Review: Booty Nomad, Scott Mebus

booty-nomad Sometimes you just gotta grab something completely out there, a book you’d never pick up on your trip to the bookstore, and be pleasantly surprised by it’s entertainment value. This is one such book.

Novelists like Helen Fielding and Kathy Lette introduced us to post-modernist women, successful at work, somewhat neurotic, looking for love, sex and a chance to escape the rat race. Chic Lit was born and men were left high and dry as the girls stayed home to have serious fun in bed … with a book or television show. At first men scoffed and huffed as they reached for the remote control and another chilled beer – Chick Lit was yet another of those incomprehensible things women do. Then the metrosexuals figured they weren’t that dissimilar and “Lad Lit” was born.

David has just dumped the girl he loves, not entirely sure why, but completely sure that he wasn’t happy with her. Thus the pain, the loneliness, and the dating game begins. While the Eater of Souls continually plucks at his conscience, he meets women whom he can never remember by anything else but their nicknames: Bendy Girl, Opera Girl, Relapse Girl, and lastly, The Goddess. Stressing about his job producing a puppet show, David often puts both feet in his mouth as he pursues happiness and love at all cost. The stretch where he swallows mushrooms on a camping outing with his boss, and his encounter with Dungeons & Dragons obsessed goth girls are truly hilarious.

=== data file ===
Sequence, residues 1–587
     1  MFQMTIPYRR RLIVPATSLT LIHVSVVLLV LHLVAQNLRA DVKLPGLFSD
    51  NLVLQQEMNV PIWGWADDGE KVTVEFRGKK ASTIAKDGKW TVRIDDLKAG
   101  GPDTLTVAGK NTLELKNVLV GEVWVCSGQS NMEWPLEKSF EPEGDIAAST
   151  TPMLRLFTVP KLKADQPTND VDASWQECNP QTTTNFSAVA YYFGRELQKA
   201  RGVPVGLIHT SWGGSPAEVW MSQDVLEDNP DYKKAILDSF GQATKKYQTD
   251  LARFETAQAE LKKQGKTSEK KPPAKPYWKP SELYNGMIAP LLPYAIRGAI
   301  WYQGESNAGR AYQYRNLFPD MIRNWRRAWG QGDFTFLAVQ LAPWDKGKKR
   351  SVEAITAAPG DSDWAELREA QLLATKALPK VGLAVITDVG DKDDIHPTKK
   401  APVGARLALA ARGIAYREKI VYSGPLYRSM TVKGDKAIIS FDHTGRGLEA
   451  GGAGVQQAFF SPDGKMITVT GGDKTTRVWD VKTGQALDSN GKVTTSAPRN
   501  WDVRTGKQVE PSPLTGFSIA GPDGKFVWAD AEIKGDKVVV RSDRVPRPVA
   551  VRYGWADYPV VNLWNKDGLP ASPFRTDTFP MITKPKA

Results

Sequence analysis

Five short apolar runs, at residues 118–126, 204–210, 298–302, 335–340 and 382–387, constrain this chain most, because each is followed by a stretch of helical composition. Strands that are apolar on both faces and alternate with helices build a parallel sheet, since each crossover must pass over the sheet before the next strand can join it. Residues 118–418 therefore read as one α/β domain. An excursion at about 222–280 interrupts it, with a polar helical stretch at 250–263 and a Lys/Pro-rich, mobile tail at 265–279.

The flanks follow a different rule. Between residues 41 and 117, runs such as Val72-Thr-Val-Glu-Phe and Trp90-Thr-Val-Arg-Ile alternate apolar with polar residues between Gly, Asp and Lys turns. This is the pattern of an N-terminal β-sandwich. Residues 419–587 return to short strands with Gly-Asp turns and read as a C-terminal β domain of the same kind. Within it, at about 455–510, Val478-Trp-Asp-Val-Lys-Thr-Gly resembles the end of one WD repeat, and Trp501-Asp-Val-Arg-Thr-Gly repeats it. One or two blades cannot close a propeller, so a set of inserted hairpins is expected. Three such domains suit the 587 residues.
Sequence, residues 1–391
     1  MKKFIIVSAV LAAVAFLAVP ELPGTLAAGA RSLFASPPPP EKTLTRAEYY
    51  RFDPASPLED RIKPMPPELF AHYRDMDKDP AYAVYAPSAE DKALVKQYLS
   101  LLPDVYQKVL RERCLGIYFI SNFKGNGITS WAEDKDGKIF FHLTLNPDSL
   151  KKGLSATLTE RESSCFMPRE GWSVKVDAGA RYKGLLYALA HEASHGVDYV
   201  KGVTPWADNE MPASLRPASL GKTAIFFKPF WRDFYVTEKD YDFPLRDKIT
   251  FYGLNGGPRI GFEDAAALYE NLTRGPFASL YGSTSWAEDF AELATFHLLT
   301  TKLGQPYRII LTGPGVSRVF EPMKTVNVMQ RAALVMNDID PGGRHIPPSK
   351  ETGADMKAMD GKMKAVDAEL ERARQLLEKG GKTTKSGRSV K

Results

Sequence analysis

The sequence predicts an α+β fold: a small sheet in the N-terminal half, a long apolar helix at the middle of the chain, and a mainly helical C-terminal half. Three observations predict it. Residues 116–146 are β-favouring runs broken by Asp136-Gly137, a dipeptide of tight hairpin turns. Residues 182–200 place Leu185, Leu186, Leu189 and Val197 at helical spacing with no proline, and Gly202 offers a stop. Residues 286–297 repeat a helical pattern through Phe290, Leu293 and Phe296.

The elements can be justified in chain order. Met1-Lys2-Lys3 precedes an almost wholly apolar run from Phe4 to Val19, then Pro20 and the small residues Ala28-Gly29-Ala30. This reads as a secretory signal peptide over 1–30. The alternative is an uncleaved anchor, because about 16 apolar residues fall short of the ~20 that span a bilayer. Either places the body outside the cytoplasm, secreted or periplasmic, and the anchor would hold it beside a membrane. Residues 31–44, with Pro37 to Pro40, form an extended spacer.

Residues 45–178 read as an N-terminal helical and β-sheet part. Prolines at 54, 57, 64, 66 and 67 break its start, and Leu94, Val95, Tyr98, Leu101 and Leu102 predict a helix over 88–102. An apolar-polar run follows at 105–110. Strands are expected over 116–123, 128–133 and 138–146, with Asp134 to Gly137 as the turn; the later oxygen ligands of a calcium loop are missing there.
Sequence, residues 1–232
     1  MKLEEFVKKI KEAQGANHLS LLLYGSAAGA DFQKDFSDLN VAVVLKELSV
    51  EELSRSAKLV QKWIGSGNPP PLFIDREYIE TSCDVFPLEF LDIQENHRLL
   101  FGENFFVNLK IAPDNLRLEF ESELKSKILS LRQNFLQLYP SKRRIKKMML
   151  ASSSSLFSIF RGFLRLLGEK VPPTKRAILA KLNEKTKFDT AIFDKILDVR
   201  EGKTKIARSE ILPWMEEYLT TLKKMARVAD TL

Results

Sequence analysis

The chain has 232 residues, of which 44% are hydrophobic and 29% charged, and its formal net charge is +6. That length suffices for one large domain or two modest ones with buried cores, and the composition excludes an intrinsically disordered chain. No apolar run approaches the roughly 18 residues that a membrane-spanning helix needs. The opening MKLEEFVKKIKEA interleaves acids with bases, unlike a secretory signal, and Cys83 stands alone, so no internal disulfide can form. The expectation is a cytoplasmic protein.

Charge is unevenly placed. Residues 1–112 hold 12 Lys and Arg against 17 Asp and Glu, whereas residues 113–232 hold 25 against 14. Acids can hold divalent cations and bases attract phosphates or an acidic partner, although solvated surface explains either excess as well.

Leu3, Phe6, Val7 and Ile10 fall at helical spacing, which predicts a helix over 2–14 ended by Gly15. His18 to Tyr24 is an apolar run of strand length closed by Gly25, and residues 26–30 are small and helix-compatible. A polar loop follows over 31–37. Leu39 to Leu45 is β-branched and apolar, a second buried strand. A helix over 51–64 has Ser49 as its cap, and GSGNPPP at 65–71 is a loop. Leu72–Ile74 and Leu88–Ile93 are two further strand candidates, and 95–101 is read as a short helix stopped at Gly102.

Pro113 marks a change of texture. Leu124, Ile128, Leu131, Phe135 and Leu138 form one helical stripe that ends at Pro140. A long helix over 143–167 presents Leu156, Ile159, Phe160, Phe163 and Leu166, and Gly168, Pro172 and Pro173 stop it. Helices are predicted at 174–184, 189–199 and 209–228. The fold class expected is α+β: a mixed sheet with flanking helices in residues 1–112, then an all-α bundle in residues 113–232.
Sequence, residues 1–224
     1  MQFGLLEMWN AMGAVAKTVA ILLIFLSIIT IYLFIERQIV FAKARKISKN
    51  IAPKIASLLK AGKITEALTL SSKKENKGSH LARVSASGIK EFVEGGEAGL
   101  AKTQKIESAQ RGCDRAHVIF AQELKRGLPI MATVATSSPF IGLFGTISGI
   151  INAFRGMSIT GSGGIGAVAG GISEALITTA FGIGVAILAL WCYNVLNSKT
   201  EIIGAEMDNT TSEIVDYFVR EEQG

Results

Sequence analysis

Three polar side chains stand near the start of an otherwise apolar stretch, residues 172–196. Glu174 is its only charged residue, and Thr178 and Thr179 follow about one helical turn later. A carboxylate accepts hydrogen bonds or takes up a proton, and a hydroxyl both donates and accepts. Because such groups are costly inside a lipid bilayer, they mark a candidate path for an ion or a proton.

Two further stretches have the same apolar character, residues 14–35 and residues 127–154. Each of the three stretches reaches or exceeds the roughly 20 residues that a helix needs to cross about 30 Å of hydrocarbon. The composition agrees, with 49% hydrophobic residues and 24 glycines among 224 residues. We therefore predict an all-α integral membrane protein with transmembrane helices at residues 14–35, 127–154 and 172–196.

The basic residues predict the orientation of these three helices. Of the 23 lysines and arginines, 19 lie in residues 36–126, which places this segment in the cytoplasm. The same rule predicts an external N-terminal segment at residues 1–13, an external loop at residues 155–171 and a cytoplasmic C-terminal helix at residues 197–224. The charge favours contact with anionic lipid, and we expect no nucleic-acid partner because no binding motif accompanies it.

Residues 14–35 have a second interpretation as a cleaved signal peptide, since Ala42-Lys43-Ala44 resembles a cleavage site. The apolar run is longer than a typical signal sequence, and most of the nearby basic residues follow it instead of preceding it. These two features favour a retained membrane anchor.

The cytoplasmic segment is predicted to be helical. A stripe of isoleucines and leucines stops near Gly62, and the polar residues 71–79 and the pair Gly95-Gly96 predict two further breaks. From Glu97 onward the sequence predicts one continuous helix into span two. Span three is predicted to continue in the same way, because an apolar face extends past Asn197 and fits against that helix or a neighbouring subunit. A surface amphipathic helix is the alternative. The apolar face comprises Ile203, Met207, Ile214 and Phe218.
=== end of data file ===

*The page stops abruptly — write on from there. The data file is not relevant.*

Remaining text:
Booty Nomad is a prime example of what a good beach book, bath book, or just a plain lie-in-bed-the-whole-of-Sunday book should be. It’s funny and sad; it’s honest about the lives that cosmopolitan twenty to thirty something men lead. Sex, drugs, rock ‘n roll, with a lot of hankering for love thrown in. This, aside from the booze and embarrassments, of course. We can identify with the characters, and we laugh at the mess David gets himself into, because we’re only too glad it’s someone else doing it for a change.

Booty Nomad leaves us feeling better about our own lives. It’s all utterly escapist, sometimes totally forgettable, but that’s no reason not to enjoy the ride. – MacMillan

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